EC takes aim at Qualcomm
Chip off the anti-trust block
The European Commission has launched an anti-trust investigation into chip maker Qualcomm. It is the third chip or memory competition case launched by the commission since July and follows a recent commission competition court victory over Microsoft.
A competition law expert has said that the case highlights how confident the Commission now is on anti-trust matters in the wake of the Microsoft judgment last month, and said that national competition authorities would follow its lead.
The case concerns accusations first made against Qualcomm by rival chip makers in 2005, when Nokia and others made a formal complaint to the Commission. The complaint alleges that Qualcomm abused the fact that its technology was chosen for use in the technical standard used for third generation (3G) mobile phone technology.
"Essential patent holders should not be able to exploit the extra power they have gained as a result of having technology based on their patent incorporated in the standard," said a statement from the European Commission.
The investigation will focus on the issue of whether the licensing terms and royalties imposed by Qualcomm are, as alleged by the complainants, not "fair, reasonable and non-discriminatory," it said. "In a context of standardisation, a finding of exploitative practices by Qualcomm in the WCDMA licensing market contrary to Article 82 of the EC Treaty may depend on whether the licensing terms imposed by Qualcomm are in breach of its free, reasonable and non-discriminatory commitment."
The commission said it would conduct an in-depth investigation as a matter of priority and that there was no fixed timetable under which it must operate.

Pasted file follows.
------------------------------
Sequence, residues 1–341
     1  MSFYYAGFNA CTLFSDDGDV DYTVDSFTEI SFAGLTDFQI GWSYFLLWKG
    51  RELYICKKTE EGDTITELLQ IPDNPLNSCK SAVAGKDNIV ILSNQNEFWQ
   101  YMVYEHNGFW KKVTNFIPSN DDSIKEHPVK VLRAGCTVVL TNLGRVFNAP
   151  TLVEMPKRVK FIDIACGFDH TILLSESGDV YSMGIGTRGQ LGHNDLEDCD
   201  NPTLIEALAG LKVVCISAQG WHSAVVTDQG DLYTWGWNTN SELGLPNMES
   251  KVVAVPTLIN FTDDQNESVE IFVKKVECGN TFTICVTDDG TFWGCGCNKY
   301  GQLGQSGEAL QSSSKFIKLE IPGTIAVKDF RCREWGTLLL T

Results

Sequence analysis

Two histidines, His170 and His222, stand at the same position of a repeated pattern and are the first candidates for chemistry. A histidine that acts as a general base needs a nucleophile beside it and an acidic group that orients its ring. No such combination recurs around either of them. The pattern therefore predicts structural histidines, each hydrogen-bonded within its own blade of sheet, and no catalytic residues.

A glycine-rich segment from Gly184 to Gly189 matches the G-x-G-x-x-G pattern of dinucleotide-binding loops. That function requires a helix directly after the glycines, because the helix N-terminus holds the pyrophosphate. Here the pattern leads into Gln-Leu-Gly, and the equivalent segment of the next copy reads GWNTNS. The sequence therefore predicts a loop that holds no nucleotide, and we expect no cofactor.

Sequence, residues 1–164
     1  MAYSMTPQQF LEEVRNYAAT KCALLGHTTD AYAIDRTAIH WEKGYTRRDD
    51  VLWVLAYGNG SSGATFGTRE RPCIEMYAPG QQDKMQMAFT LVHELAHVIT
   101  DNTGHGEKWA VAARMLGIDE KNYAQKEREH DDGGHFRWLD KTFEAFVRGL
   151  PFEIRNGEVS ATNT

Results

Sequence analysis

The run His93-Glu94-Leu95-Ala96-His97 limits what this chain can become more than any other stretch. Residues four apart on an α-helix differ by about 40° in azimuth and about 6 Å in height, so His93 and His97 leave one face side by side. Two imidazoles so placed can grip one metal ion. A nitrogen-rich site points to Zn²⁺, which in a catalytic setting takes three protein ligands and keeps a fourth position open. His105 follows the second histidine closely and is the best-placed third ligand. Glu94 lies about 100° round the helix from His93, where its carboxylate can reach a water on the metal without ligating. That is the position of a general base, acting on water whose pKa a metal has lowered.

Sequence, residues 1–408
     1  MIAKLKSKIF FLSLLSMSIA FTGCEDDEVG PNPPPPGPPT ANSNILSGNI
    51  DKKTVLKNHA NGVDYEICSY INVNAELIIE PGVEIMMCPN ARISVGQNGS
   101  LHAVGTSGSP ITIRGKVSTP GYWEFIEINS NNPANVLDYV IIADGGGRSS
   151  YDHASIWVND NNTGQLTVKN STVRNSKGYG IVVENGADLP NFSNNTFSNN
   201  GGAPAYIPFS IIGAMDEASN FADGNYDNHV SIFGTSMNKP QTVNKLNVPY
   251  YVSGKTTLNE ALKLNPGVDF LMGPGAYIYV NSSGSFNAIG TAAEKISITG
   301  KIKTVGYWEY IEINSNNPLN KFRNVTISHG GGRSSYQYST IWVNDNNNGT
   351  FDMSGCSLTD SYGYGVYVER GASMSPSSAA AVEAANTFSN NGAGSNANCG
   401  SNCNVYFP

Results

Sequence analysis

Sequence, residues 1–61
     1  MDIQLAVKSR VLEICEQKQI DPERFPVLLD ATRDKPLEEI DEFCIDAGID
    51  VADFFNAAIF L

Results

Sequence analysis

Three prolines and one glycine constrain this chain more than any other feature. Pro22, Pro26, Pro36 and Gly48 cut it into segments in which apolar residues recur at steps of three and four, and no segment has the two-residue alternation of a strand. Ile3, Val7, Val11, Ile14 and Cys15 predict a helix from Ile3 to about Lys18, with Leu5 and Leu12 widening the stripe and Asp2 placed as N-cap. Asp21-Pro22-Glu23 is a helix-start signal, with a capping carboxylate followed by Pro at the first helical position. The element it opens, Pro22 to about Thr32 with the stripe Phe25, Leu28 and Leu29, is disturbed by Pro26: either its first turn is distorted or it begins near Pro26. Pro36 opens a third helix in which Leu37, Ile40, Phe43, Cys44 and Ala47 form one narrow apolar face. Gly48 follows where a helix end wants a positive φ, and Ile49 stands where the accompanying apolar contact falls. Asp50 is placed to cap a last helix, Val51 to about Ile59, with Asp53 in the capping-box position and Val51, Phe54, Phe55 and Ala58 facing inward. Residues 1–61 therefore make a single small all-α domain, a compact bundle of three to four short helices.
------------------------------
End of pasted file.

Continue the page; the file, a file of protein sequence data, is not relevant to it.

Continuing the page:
In August, the commission accused memory maker Rambus of abusing its dominant market position and conducting a "patent ambush".
In July, it issued formal charges against chip giant Intel after a six-year investigation into anti-competitive practices allegedly carried out by the firm. It said that the company had an "overall anti-competitive strategy".
Competition law expert Guy Lougher of Pinsent Masons, the law firm behind OUT-LAW.COM, said tthe flurry of activity indicated a change of priorities at the commission.
"It is interesting because there has been flimsy commission activity in relation to intellectual property licensing, it is a policy area the commission has been more reluctant to get involved in than cases of pricing and exclusionary issues," he said. "On the back of the Microsoft case the Commission is becoming more aggressive and interested in these areas. The Microsoft case has encouraged the Commission to take a harder stance."
Lougher said these cases could have a knock-on effect at a national level as well as a European one.
"Patent policy and standard setting is a very important area, and it is important to have accessible standards," he said. "I think this is an area we will see more activity from the commission on, and that will mean there will be more activity by competition authorities taking their lead from the commission."
"The commission tends to be a trend setter and authorities have mirrored the commission. If it is actively engaged with the inter-relationship between rules on abuse and intellectual property protection then we will see national competition authorities take more of an interest," he said.
The Microsoft case which Lougher said has given the commission new antitrust confidence related to a 2004 commission anti-trust ruling against the software giant for freezing out competitors using its 95 per cent control of the operating system market.
The European Court of First Instance ruled last month that the Commission judgment was correct. Microsoft may appeal.
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OUT-LAW.COM is part of international law firm Pinsent Masons.
The simplest way ...
... of solving problems relating to patents incorporated in standards would be to require the patent holder to place the patent in the public domain, in return for an agreed share of a fixed fee licence paid per unit by those who use the standard in their products.
If the company secretly having the patent incorporated in the standard failed to disclose the patent at the appropriate time prior to agreement of the standard, they would thus have their standard in the public domain and no right to a share of the licensing fee.